How your smart phones could be contributing to child labour

I Phones and Windows phones are just two of a number of popular smart phone, PC and Car brands that are sourcing cobalt from mines in the Democratic Republic Of Congo and children as young as seven are working in those mines, these are the findings from a new investigation by human rights organisation Amnesty International

Reports in both The Guardian and Amnesty’s website share shocking accounts of traders acting on behalf of huge multinational corporations buying cobalt from mines where workers endure back breaking work for less than a dollar a day. These workers are not only working for next to nothing but they are also working in the intense heat with no protective clothing, many of them are minors as young as a seven years old, subjected to carrying heavy loads and beaten by security guards.

The sourcing of cobalt via cruel means is traced back to a mineral processor known as Congo Donfang Mining owned by Chinese company Huayou Cobalt who supply cobalt from the DRC to companys such as Apple. Huayou Cobalt have denied any knowledge of minors working in the mines they source from.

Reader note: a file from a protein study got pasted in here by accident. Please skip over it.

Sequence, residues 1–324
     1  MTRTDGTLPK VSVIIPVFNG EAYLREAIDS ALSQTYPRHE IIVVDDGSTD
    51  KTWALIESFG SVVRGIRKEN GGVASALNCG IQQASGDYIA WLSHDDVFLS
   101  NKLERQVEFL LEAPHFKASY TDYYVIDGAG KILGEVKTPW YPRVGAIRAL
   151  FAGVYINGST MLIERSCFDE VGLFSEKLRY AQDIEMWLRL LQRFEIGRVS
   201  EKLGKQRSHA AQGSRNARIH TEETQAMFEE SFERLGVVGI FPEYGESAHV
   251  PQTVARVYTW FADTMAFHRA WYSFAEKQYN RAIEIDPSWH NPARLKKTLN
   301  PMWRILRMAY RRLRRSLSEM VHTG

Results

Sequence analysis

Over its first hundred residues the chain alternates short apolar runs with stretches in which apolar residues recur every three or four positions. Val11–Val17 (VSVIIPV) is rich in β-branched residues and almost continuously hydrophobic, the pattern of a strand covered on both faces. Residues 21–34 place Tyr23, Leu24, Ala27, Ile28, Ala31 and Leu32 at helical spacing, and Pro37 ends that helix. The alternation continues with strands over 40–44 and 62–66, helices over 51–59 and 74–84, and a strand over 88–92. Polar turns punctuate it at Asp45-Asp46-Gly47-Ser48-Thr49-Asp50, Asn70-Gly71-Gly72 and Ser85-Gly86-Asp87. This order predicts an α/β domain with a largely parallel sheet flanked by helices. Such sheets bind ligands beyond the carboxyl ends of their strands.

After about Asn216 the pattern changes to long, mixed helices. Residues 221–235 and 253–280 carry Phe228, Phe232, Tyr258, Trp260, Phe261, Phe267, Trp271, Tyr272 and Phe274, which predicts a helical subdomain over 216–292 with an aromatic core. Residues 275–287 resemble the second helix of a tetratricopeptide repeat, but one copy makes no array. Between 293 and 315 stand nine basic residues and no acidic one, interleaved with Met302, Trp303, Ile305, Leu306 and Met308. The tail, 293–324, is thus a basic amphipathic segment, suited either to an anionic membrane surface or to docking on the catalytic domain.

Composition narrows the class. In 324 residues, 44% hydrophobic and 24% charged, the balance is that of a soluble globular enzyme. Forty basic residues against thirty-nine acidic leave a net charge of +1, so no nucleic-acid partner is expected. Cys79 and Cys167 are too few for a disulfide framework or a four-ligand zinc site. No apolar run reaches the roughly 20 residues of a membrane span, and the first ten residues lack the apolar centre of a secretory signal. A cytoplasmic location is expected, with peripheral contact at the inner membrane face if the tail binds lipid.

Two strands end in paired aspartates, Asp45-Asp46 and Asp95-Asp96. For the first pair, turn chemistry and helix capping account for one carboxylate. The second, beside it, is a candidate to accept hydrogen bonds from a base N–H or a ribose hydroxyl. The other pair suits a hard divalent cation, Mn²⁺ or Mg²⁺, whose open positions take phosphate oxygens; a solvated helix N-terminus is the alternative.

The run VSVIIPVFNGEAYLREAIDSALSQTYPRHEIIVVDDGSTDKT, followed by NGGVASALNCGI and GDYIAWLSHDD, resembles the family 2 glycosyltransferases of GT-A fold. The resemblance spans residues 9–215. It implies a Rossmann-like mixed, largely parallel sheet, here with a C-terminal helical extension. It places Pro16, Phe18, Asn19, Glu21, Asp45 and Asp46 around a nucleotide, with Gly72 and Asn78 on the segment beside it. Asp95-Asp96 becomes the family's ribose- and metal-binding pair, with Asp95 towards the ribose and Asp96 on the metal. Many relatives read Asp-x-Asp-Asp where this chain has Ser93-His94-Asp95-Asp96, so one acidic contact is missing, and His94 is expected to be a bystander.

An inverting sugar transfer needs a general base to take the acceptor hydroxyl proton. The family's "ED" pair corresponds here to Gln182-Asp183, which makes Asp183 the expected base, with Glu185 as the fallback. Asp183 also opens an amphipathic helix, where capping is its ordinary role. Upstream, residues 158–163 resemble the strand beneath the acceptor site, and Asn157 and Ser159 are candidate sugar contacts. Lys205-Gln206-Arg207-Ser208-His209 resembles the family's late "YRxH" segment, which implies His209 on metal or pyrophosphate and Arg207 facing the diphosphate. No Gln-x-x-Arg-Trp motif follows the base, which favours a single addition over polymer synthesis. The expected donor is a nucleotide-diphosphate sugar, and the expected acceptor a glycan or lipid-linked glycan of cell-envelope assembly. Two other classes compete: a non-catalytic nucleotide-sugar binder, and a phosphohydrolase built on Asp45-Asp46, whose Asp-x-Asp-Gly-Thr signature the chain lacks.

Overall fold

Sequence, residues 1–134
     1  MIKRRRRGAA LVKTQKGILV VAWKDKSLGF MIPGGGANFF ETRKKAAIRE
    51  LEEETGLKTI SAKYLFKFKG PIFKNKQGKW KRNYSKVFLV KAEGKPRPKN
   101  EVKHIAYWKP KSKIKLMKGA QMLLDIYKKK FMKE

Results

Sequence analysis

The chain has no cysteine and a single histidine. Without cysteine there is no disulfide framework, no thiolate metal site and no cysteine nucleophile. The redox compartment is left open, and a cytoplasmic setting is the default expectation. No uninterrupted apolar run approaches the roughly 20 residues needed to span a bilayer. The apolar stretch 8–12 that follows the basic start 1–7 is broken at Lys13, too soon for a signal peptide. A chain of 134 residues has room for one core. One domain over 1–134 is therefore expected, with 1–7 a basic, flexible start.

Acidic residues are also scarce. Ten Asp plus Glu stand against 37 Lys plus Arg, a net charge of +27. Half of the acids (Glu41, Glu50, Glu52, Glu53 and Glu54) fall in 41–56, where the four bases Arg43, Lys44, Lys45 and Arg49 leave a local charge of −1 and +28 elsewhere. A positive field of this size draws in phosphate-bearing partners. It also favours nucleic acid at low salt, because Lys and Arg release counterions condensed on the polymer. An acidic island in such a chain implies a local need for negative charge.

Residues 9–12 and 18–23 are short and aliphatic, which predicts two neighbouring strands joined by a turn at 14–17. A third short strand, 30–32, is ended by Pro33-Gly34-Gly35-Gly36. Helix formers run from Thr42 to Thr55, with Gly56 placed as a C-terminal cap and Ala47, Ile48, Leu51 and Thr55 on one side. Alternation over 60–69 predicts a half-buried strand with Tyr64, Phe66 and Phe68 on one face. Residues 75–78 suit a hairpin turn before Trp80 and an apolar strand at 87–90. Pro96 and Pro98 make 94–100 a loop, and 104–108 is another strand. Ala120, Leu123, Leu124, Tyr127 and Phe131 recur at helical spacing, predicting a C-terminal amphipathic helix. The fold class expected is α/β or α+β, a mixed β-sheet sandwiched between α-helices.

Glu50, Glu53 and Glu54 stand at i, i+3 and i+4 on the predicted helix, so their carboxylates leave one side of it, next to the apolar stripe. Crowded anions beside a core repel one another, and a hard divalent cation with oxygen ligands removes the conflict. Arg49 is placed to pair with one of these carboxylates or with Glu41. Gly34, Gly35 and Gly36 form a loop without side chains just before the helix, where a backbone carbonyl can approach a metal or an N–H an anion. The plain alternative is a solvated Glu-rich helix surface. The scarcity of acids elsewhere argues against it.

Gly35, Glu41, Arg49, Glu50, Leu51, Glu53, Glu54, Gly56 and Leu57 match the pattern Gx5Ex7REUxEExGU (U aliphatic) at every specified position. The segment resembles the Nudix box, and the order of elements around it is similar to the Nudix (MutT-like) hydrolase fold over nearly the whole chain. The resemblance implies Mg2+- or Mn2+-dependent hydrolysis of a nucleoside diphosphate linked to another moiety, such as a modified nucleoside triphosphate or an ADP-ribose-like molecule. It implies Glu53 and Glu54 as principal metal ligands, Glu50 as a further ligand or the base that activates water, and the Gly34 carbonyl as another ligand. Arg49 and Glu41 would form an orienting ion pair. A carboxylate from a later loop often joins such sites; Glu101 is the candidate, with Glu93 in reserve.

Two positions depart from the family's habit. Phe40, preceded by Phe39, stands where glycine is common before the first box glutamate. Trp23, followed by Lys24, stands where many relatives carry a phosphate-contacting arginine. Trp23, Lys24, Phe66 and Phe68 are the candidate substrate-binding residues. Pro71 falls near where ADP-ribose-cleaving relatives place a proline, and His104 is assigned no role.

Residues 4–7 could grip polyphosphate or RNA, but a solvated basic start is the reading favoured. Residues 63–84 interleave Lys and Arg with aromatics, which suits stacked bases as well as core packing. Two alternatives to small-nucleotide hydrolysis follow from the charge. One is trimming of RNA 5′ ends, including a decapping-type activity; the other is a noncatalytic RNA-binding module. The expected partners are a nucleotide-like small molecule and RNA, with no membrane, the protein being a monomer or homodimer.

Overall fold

Amnesty have published a chain of supply that implicates the likes of Samsung, Volkswagen, Sony, Mercedes and Vodaphone. While the response from these companies has been mixed, Amnesty states that none have provided adequate details to verify where they are sourcing their cobalt.

amnesty cobalt supply chain data.jpg

Child labourers in these mines face 12 hour work days, a staggering 40, 000 children are reported to be working in mines in southern DRC alone. In the words of Paul, a 14yr old orphan who has been working in the mines for two years already:

I would spend 24 hours down in the tunnels. I arrived in the morning and would leave the following morning … I had to relieve myself down in the tunnels … My foster mother planned to send me to school, but my foster father was against it, he exploited me by making me work in the mine.”

Notwithstanding the dangers to the health of both minor and senior workers in the cobalt mines, there is no legal aid or support for their human rights in an unregulated cobalt market. Amnesty in partnership with other regional NGOs are calling on multinationals to enact fair and humane working conditions, we can only hope the evidence collected in their ongoing research can trigger a global response in standing up for the rights of the cobalt mine workers and most importantly ending the cruel use of minors in them.

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